Note: I originally wrote this for my Hashnode blog at graceteng.hashnode.dev. I've ported all the posts over from my former Hashnode blog. Obviously, this post sticks out because you're not reading this on Hashnode any more, but I think much of what this post talks about is still relevant, so I'm keeping it here as is.
I've been trying to put together a portfolio site since I completed my Le Wagon bootcamp, and threw together a basic Github Pages one-page thing as a temporary measure. However, I knew I wanted to transition to a more permanent, more comprehensive professional website as soon as I could, so I sat down and mapped out what I could do with a portfolio site.
First, I did what my instincts told me to do: I thought about what information I wanted to display on my portfolio site, and built an overly-rich data model for the 12 million projects I didn't have but imagined that I would someday build using a multitude of languages and frameworks:
The idea I had was that a visitor could click on a tag or a dropdown, and see all the projects I'd built using a particular framework or programming language.
Once I'd cleaned up my bootcamp projects enough to start building a proper portfolio site, I got to work. I generated my models and wrote my migrations. I even wrote a seed to populate my database with three projects. I mean, if you want to see how far along I got, you can look at the github repository for a Rails-based CRUD portfolio site with a grand total of three projects to show off.
The next step was to turn my wireframe into HTML and CSS, and here is where I fell down hard. My wireframe had nine projects on the index page, but in reality, I had only three projects to show:
Well, that just looks sad, doesn't it?
An aside: going deep rather than broad
My initial post-bootcamp plan was to learn React using Le Wagon's and Frontend Masters' React courses, then complete CS50x Web (stack: Django, PostgreSQL, React), then get a Laracasts subscription and learn Laravel, then find some resource or another and build something using the MEAN stack and learn MongoDB, Express.js, Angular and Node.js that way. Great plan!
Fortunately, I read Endy Austin's excellent article on FreeCodeCamp: What I Wish I Knew as a Junior Dev — Lessons Learnt After 11 Years of Coding. The lesson that jumped out at me was "Master one thing":
New developers tend to jump around learning a lot of things...
You need to wake up and realize that you’re simply extending the time it’ll take you to truly learn anything.
Pick one thing.
Stick with it for a few months – ideally 6 to 12 months before you move to something else.
This has two benefits:
- You’ll go deep enough and hit critical mass that moves you towards mastery.
- After you master one domain, you can transfer knowledge to another.
This had a major implication for my original portfolio idea: it meant that the message I was trying to send, that I could learn a lot of skills in a short amount of time, was no longer relevant. Instead, I needed to demonstrate an ability to learn deeply in a short amount of time.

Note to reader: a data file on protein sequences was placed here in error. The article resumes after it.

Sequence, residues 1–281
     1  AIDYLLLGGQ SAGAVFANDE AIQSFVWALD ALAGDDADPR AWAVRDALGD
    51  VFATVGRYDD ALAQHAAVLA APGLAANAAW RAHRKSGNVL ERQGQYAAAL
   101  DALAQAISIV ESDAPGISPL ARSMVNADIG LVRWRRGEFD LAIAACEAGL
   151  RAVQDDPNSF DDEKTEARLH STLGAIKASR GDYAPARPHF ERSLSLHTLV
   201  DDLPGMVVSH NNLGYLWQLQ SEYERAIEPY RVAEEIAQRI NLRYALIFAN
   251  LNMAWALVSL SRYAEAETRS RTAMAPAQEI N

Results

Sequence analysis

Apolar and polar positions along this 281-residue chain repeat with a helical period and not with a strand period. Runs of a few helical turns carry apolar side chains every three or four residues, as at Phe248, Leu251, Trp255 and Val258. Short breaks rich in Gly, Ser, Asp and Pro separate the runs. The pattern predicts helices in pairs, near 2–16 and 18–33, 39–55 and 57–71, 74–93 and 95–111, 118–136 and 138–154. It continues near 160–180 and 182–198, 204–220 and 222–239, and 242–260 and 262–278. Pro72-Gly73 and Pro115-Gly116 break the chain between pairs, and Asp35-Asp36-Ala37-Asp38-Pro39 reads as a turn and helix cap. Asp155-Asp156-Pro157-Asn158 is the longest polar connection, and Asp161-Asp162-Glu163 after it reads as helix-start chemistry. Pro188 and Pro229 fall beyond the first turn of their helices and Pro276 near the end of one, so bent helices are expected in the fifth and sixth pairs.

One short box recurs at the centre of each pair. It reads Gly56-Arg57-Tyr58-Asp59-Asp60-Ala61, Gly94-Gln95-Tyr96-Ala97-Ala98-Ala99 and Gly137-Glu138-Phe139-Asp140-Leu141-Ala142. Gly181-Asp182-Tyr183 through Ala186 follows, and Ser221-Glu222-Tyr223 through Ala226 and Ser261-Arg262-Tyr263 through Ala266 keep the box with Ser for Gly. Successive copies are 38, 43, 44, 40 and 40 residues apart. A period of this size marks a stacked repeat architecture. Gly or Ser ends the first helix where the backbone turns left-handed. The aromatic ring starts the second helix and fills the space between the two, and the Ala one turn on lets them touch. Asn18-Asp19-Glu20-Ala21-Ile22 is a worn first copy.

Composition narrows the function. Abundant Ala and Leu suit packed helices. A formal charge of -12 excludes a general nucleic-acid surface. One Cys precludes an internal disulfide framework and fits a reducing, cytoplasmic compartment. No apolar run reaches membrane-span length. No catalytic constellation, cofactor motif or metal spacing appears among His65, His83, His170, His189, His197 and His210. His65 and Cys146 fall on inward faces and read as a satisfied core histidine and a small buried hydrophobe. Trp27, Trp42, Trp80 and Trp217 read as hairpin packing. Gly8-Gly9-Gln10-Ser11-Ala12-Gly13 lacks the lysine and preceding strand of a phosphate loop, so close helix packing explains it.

Back to the product problem
So now I was stuck: I had very few projects, and needed to think about how to showcase them as best as I could. This looked like a design problem, but it is in fact a product problem: I was building a product to showcase my skills, and there was a mismatch between what the product could showcase and what my skills were.
I've always been more inclined towards back-end development. Going through the Le Wagon bootcamp gave me a great appreciation for front-end work and made me determined to improve my front-end skills, but it is not my natural happy place (not yet). In hindsight, it's completely understandable why my first instinct was to sit down and draw a database schema: I gravitated to my strongest suit.
If I were more comfortable with front-end development, I would probably front-end-developed my way out of the design problem: foregrounded the projects instead of hiding each one behind a layer of CRUD, built a carousel of thumbnails, added CSS transitions. After all, it would have been a great way to show off my development skills. Unfortunately, all I did was show off my ability to create rich back-end models for data that didn't exist.
I stopped and thought, is this the best way to display what I'm capable of, and where my strengths lie?
Clearly not. I needed to outsource the design, and find a way to build a professional site that puts my computational thinking and technical communication skills front and centre.
Portfolio as process
A couple of weeks before I got stuck on this portfolio problem, I had created a Hashnode account. I had the vague idea that I would blog about my journey to learn everything I could about software development, but I didn't have a clue where to start.
Now, thinking through what my portfolio should look like, I put two and two together: my portfolio site should be a Hashnode blog.
This way, I could not just showcase my projects, but discuss them: what shaped the project planning and outcomes, why certain software design decisions were made, what I learnt on each project. As a very junior developer, my portfolio does not and cannot take the form of stone tablets descending from Mount Sinai, a fait accompli from the heavens. Instead, what I have to offer, and what I can share freely with others is my own growth as a developer.
That's why I've chosen to make my portfolio a blog, and my blog a portfolio.
It doesn't mean that I won't try to code my own portfolio site in the future — I almost certainly will, if only to have a playground to experiment and push my skills further. (Hmm, in fact, maybe I should put together a "code playground" site — there's an idea.) For now, though, I think this is the best way to record what I've learnt and what I'm capable of as a software developer.
I hope you enjoy what you read here, and stick around for a while.